Powder Day at Copper Mountain…

12″ of fresh Colorado powder snow at Copper Mountain Ski Resort on Leap Year Day, 29 Feb.  Why am I sitting in the sunny outdoors at the Belgian Bean Coffee and Waffle shop on this fine morning?

It started with a foot of snow in the previous 24 hours.  That is a lot for this near-drought winter and even the risk averse seasoned skier such as I became excited about making a few slow turns in the soft stuff.

(RE: risk averse, see my previous posts about my “ski-related” fractured ankle at the end of last season.

The End of Ski Season

“I’m WALKIN’ here!”  )

Skiing any semblance of untracked or less-tracked powder on resort runs in this modern powder-fever era means being on the chair lifts when they open at 9am.  Thus I am out the door of my Silverthorne condo in time to be in the Copper parking lot about 8:40am.  I can see from there that the Super Bee Chair Lift is not running yet though it is usually warming up by that time and transporting employees and early pass skiers.  No big deal I presume, so I boot up and catch the bus to the lift base.

When I arrive a LOT of people are heading away from the slopes and towards the various buses to other parts of the resort.  (Copper has a East (Super Bee), Center, and West Village.)  Someone tells me the lift is down for maintenance and will be at least a half an hour before opening.  No first tracks HERE this morning so I head for the bus to Center Village where the American Eagle and American Flyer lifts will get you well up the mountain.

When I arrive the American Flyer lift is broken and will be at least 15 minutes.  I sit down at an outdoor table to buckle my boots.  Meanwhile the sole operating lift of the 3 I’ve visited so far has a couple of HUNDRED people in line!  Nooo wayyyy is this going to work.  I continue to buckle and chat with a gentleman from New York who talks about the recession and how these folks can afford $100 lift tickets, to which I heartily agree.  (A lot of people have cheaper season passes or discount tickets, but many are paying $100+.)

A resort host suggests I walk through the village and get the bus to West Village and the Union Creek Chair Lift.  I take her advice and head across the covered bridge toward the bus stop, passing the aforementioned Belgian Bean.  Heck, it’s 9:45am and any fresh powder in places where this aging, laid-back skier will be skiing is mostly gone by now.  I smell coffee!  A friend later notes that this is not a Starbucks, who I consider myself the sole corporate support of, but any coffee port in a powder storm.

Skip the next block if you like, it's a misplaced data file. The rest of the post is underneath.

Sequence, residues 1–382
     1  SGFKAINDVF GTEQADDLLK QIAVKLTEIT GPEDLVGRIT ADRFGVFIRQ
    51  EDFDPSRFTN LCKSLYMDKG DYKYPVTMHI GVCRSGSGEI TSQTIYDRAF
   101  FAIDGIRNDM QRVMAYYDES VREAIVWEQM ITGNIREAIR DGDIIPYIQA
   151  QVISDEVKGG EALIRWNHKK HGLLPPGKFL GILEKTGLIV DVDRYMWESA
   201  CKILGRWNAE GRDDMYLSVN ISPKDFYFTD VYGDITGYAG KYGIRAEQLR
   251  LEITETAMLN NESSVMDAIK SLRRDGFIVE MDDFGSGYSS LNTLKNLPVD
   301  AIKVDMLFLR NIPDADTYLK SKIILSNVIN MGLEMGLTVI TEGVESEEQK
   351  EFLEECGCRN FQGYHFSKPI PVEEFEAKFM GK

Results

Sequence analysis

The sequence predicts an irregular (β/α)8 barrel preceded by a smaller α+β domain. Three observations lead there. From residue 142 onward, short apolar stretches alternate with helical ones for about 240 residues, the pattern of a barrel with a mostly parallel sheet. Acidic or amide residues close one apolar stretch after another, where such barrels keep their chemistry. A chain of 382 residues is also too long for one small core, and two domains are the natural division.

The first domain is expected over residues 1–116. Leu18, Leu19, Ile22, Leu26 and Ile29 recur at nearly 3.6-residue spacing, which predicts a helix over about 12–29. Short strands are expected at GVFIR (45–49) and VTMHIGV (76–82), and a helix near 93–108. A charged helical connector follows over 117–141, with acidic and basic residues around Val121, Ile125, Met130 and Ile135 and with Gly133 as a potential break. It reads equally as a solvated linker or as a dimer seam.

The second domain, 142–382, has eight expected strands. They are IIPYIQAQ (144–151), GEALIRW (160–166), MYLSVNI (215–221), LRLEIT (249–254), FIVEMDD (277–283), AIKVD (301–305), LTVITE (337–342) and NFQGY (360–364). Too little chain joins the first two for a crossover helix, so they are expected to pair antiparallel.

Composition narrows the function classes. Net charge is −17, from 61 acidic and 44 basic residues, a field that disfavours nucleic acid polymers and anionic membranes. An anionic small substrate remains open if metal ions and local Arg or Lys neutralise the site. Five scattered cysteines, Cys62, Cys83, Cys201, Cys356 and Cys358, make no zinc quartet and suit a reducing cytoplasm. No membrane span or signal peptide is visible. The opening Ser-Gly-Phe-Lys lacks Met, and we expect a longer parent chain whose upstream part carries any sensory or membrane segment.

It’s sunny and I have a view of the Ten Mile Range, the other side of which reside Frisco, Breckenridge, and Breckenridge Ski Resort:

FINALLY, around 10am, I catch an uncrowded bus to uncrowded Union Creek and hit the slopes.  No powder here but the packed snow is soft, soft, soft.  Three green-near-blue difficulty runs down Union Creek and I head over to the Timberline Chair.  Great blue difficulty cruisers over here.  Soft, soft, soft.  American Flyer run, Windsong run.  Lift is getting crowded (no surprise) so I head to the Rendezvous Chair.  Slowww 3-person chair ride to an elevation of about 11,700′:

It’s COLD up here!  The wind is blowing fairly well and my fingers are FROSTY as I take a picture of myself.  I go over the hill and make a couple of strenuous runs off the Blackjack Chair.  Puffin’ like the proverbial freight train.  Back over the hill to Rendezvous and a lonnnng run back to Union Creek/West Village.  It’s been a couple of hours and I don’t want to overdo it (hah) so I call it a day.  The powder mostly eluded me but it was still great skiing.  Had a great day!  You have one too.

(In fairness to Copper Mountain and their chair lift problems, I find this highly unusual and I’ve found them to have one of the best maintained and best groomed mountains I’ve ever skied.  This was a huge fluke.  That’s show biz!)

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